Philippine economy signals shaky recovery from worst of coronavirus
MANILA (BLOOMBERG) – The Philippines’ economic contraction moderated in the third quarter by less than forecast, signaling an unsteady recovery from the pandemic even as movement restrictions were relaxed and businesses reopened.
Gross domestic product shrank 11.5 per cent in the three months through September from a year earlier, an improvement from the second quarter’s revised 16.9 per cent drop. The median forecast in a Bloomberg survey of 20 economists was for a 9.6 per cent decline.
Compared to the previous quarter, the economy expanded 8 per cent, below the median estimate of 8.9 per cent among seven economists surveyed, Tuesday’s (Nov 10) data showed. The first sequential growth this year shows the economy is on the mend heading into 2021, Acting Economic Planning Secretary Karl Chua said.
“The economic team is optimistic that the worst is over for the country,” Chua said, adding that officials would reassess their economic projections in light of the data. “The path is clearer to a stronger bounceback in 2021.”
The peso fell 0.2 per cent to 48.25 per US dollar as of 11.08am in Manila. The country’s benchmark stock gauge rose more than 3 per cent, joining a rally in Asia on vaccine optimism.
The quarter-on-quarter growth comes after two straight periods of contraction, including a revised 14.9 per cent drop in the second quarter, when the economy entered recession amid Southeast Asia’s second-worst Covid outbreak.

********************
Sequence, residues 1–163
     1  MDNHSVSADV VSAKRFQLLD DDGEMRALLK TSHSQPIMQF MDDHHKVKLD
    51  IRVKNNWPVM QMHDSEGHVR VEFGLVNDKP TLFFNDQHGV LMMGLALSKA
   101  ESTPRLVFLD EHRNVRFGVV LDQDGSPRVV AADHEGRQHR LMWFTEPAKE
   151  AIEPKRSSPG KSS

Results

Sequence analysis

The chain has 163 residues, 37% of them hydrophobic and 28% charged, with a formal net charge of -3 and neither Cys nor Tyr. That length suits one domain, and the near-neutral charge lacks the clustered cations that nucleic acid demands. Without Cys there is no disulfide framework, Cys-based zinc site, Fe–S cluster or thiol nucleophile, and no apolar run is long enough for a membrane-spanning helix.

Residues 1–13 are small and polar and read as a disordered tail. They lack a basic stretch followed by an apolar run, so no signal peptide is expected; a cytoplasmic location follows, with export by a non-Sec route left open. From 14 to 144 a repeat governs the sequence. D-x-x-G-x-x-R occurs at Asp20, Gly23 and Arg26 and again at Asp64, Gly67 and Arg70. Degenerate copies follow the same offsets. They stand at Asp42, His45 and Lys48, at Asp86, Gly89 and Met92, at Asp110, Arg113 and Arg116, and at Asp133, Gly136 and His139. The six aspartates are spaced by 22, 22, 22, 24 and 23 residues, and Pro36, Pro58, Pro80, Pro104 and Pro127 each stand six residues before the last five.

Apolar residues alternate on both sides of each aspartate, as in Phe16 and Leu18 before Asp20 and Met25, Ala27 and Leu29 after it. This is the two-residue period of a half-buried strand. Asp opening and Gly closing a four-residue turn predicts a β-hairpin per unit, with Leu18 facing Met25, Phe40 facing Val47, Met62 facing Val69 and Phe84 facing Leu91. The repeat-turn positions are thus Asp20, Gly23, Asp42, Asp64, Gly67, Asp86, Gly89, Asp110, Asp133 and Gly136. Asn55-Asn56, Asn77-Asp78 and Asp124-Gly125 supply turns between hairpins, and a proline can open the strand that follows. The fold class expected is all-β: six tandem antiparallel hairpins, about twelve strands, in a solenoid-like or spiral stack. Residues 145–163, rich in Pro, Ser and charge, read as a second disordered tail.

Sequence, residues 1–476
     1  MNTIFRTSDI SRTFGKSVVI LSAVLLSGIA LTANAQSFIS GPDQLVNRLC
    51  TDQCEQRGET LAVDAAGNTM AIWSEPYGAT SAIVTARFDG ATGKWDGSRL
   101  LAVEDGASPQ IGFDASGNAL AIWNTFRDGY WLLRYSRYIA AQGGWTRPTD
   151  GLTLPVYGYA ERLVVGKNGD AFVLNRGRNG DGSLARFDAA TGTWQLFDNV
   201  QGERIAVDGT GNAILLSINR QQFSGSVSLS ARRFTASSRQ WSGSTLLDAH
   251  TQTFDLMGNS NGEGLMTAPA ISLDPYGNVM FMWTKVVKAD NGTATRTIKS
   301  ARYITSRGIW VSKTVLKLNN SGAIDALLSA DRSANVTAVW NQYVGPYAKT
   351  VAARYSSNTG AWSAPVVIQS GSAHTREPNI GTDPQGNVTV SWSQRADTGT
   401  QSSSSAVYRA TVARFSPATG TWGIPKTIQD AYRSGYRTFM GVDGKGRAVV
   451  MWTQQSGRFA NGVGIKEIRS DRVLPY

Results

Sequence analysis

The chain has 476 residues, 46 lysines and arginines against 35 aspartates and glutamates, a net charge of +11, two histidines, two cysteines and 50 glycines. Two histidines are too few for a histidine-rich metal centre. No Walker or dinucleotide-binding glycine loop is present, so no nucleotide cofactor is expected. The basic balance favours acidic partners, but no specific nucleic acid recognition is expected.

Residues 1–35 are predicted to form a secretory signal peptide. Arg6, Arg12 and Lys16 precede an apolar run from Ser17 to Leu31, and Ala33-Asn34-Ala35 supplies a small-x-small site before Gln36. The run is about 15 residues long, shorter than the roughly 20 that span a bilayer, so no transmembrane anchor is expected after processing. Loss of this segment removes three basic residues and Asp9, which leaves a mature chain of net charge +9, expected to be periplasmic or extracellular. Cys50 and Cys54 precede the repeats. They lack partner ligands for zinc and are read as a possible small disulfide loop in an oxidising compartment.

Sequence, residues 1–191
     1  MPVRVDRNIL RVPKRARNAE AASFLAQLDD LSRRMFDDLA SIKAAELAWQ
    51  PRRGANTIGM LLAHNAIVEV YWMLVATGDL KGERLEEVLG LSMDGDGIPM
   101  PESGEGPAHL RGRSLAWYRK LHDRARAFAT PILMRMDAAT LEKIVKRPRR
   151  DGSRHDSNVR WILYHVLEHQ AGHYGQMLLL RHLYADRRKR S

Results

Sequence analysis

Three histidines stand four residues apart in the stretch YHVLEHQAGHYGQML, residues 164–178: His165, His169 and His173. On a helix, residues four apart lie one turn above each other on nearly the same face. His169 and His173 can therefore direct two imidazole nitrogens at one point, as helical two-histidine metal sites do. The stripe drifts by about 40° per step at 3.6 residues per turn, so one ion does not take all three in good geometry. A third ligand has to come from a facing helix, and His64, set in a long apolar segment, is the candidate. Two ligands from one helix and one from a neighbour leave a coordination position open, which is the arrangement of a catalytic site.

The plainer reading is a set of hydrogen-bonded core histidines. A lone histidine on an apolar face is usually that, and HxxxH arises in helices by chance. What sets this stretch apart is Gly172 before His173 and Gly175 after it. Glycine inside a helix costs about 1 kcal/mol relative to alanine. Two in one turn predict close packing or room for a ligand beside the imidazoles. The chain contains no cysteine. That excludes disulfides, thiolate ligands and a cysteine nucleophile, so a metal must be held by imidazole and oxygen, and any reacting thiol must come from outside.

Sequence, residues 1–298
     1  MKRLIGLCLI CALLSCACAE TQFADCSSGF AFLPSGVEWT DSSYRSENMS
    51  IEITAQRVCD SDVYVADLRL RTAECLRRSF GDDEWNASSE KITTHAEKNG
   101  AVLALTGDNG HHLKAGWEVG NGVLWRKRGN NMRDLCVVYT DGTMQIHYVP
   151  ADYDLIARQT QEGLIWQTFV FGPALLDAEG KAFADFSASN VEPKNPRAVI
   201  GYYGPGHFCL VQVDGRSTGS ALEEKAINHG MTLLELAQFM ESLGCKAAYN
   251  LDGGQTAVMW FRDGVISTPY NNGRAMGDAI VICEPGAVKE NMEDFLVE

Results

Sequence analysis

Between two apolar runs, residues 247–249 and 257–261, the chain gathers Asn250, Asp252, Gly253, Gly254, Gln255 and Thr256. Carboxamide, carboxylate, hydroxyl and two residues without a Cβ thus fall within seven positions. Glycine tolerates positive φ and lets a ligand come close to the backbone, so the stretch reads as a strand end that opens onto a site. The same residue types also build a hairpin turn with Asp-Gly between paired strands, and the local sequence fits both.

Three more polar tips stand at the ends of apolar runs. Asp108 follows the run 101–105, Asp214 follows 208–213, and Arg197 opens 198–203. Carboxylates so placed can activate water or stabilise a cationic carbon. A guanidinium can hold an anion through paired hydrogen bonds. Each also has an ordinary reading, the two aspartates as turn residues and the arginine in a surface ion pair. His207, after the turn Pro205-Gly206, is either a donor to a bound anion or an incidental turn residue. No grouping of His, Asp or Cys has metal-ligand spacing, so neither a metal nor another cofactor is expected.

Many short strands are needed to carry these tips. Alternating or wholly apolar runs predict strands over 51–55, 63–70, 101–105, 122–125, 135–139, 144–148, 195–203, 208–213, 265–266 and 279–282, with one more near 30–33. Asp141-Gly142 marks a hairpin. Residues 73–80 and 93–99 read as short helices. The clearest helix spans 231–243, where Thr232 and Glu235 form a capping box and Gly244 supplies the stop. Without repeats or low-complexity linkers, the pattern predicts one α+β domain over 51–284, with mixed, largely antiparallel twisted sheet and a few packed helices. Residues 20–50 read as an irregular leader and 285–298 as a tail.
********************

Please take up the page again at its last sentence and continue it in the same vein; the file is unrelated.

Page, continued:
“While growth is going in the right direction, it will take a while until pre-pandemic production is attained,” said Eugenia Victorino, head of Asia strategy at Skandinaviska Enskilda Banken AB in Singapore. “The risk is the longer the recovery takes, the more permanent the destruction of incomes become. This will cap growth momentum going forward.”
Consumer and business sentiment remain weak after a stricter quarantine was reimposed in Manila for two weeks in August. Unemployment rose in the capital region, which accounts for about a third of the economy, even as the nationwide jobless rate eased in July from a record high in April.
No major sector performed strongly in the third quarter, according to Nicholas Mapa, economist at ING Groep NV.
“More worrisome is the sustained weakness in capital formation, which points to fading potential output and slower growth for quarters to come, no matter how much government pushes to reopen,” he said.
The central bank, which is scheduled to review monetary policy Nov 19, will likely retain its easing measures until long-term economic growth and job targets are reached, Governor Benjamin Diokno said Nov 5. So far this year, the bank has cut its key rate by 175 basis points, eased some lending rules and boosted money supply.
The government is banking on next year’s record 4.5 trillion-peso (S$125.5 billion) budget to boost an economy expected to contract by as much as 6.6 per cent this year. Timely passage of the budget is crucial in attaining the 6.5 per cent-7.5 per cent growth projection for next year, with Chua estimating that each day of delay results in 1.1 billion pesos not spent.
Mr Chua said the government won’t revert to stricter curbs on movement to fight the pandemic, and will instead pursue a strategy of implementing minimum health standards.
“Managing risks instead of avoiding them will allow us to safely open more of the economy,” he said. “This will also put the Philippines on its solid growth and development trajectory.”
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